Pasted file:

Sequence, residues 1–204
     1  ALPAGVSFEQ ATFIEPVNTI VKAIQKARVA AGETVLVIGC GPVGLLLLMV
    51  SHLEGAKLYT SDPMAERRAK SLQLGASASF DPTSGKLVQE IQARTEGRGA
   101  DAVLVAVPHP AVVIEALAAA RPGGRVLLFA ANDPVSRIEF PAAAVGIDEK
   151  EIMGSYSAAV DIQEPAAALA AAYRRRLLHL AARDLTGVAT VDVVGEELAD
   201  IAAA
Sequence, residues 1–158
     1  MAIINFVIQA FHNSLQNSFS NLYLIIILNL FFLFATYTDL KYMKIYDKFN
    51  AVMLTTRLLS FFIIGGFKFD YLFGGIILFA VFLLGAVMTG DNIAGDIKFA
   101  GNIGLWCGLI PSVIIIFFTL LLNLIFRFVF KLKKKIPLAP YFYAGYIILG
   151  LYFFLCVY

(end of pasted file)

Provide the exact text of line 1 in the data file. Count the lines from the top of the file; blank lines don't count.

Sequence, residues 1–204